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Peter Paul von Mauser
Peter Paul von Mauser
|Born||(1838-06-27)June 27, 1838
|Died||May 29, 1914(1914-05-29) (aged 75)
|Occupation||Engineer, Weapon Designer, Politician|
|Known for||Development of distinctive Mauser action|
|Gewehr 98 rifle
7.65×53mm Mauser and 7×57mm Mauser rifle cartridges
|Political party||National Liberal Party|
|Relatives||Wilhelm Mauser, brother|
Mauser was born in Oberndorf am Neckar, in what was then the Kingdom of Württemberg. His father was originally a shoemaker and then made leather scabbards for the Royal Rifle Factory in Oberndorf. Paul Mauser and his brother Wilhelm, who had become gunsmiths, first lived in modest conditions. Paul Mauser develops various firearms with his brother, and later he founded the company Gebr Mauser with him, which finally took over from the royal manufacture.
Together with his brother Wilhelm Mauser, Peter Paul Mauser designed the Mauser Model 1871 rifle, the first of a successful line of Mauser rifles and pistols. The rifle was adopted as the Gewehr 71 or Infanterie-Gewehr 71 and was the first metal cartridge weapon of the German Empire. While Wilhelm handled this business side of the factory, Paul proved to be the more technically capable engineer.
Peter Paul von Mauser made significant contributions to bolt action rifle design and successfully combined and improved various bolt action engineering concepts. The Mauser company bolt action development resulted in the Gewehr 98 and Karabiner 98k rifle series that were the latest in a line of Mauser bolt action rifles that started with the Mauser Model 1889 and were adapted in 1889 and the 1890s as service rifles by several countries. The bolt action design used for the Gewehr 98 was patented by Paul Mauser on 9 September 1895. Besides rifles, Paul Mauser also developed handguns, with first Mauser design handgun being Mauser C78 revolver. In 1896, Paul Mauser would develop the C96 pistol, which was one of the first semi-automatic pistols in history.
Initially, Mauser's designs were more successful abroad than in Prussia, but the Prussian Rifle Review Board in Spandau opted for the self-developed 1888 rifle. Paul Mauser designs with the Imperial Order an improved model of this rifle.
The name of Mauser is inseparable from the construction of the 1893 infantry rifle for Spain, 1894 carbine and 1896 infantry rifle for Sweden, with model rifles for Peru, Belgium, Argentina, the Brazil (1894), Chile (1895), then Costa Rica, the Dominican Republic, El Salvador, Guatemala, Honduras, Nicaragua, Venezuela, Mexico (1902) and Turkey. Deliveries to these countries make the Mauser name a world-renowned guarantee of quality for precise weapons.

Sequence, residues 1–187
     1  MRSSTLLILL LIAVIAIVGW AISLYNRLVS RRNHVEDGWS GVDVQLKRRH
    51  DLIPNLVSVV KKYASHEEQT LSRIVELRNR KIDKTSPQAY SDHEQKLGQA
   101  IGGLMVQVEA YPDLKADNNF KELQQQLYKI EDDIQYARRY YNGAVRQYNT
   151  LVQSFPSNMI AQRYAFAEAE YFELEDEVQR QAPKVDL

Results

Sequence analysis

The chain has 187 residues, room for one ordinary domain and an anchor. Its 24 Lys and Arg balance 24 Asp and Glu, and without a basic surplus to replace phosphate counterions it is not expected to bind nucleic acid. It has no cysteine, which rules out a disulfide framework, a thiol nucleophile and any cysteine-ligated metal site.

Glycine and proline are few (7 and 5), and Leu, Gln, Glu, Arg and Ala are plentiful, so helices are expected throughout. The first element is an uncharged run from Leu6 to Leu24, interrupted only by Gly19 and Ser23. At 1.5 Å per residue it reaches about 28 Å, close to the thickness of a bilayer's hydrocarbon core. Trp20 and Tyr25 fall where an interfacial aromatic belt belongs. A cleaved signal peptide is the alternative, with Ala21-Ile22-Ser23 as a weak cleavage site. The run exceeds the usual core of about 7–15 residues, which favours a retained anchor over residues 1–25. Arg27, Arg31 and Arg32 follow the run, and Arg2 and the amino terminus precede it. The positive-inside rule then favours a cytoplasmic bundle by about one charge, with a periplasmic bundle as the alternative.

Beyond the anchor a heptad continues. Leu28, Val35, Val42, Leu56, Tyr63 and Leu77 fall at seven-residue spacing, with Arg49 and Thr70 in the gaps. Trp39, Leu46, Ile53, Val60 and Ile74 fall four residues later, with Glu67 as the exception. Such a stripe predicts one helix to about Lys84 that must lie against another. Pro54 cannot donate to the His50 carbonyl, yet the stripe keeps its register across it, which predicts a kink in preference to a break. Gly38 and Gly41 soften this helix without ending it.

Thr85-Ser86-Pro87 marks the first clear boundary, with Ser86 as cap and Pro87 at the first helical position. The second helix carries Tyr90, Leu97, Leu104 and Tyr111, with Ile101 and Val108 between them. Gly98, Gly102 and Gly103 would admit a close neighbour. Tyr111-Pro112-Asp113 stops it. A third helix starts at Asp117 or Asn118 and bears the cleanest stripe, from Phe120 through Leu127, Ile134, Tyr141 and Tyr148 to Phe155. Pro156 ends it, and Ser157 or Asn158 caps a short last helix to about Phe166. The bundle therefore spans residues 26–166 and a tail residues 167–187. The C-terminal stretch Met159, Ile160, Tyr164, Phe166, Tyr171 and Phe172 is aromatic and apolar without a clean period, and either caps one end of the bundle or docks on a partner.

The construction of the Gewehr 98 rifle was personally praised by Kaiser Wilhelm II on April 5, 1898. Mauser lost his left eye in 1901 as a result of a cartridge explosion during a test firing of the self-loading C98.
Peter Paul von Mauser also designed the 7.65×53mm Mauser (1889) and 7×57mm Mauser (1892) rifle cartridges. These cartridges were high-performance service cartridge designs compared to other contemporary smokeless powder service cartridges such as the 8mm Lebel (1886), 8×50mmR Mannlicher (1890) and .303 British (1891).
Mauser was a member of the German Reichstag for the National Liberal Party from 1898 to 1903, a party that appeared in the Kingdom of Württemberg as a German party. In the Reichstag, he represents the 8th district of Württemberg (Freudenstadt, Horb, Oberndorf, Sulz). He was nominated as a candidate thanks to an alliance of the Conservatives, the Farmers' Federation and the National Liberals and after his election to the Reichstag joined the Group of National Liberals as a guest.
In 1912, he received the Grashof commemorative coin from the Association of German Engineers.
- Paul Gehring (1941), Wilhelm (1834–1882) und Paul Mauser (1838–1914): Erfinder und Fabrikanten von Gewehren und sonstigen Handfeuerwaffen. In: Hermann Haering und Otto Hohenstatt (Hrsg.), Schwäbische Lebensbilder, Bd. 2. Stuttgart: W. Kohlhammer, P. 314–339.
- Wolfgang Seel: Mauser, Paul von. In: Neue Deutsche Biograpie (NDB). Band 16, Duncker & Humblot, Berlin 1990, ISBN 3-428-00197-4, P. 448 f.
- Carl-Wilhelm Reibel: Handbuch der Reichstagswahlen 1890–1918. Bündnisse, Ergebnisse, Kandidaten. (= Handbücher zur Geschichte des Parlamentarismus und der politischen Parteien, Band 15.) Halbband 2, Droste, Düsseldorf 2007, ( ISBN 978-3-7700-5284-4), S. 1228–1232.
- De Haas, Frank (2003). "Mauser Models 71 &71/84". In Wayne Zwoll (ed.). Bolt Action Rifles (4 ed.). Iola, Wisconsin: Krause Publications. p. 123. ISBN 978-0-87349-660-5.
- Jahrbücher für die deutsche Armee und Marine, Band 19, Bath, 1876, Seite 5
- "Five Supposed Mauser Firsts ... That Weren't -". Apr 13, 2017. Retrieved Aug 26, 2020.
- https://www.forgottenweapons.com/mauser-c98-the-system-that-cost-paul-mauser-an-eye/ Der Spiegel, Ausgabe 25, 1975: "Buchmarkt: Ruf wie Donnerhall". Archived from the original on 2017-01-16. Retrieved 2020-11-21.CS1 maint: bot: original URL status unknown (link)[importance?] Seiten 118–120
- "Wilhelm and Peter Paul Mauser: History of the Mauser Brothers". Retrieved Aug 26, 2020.
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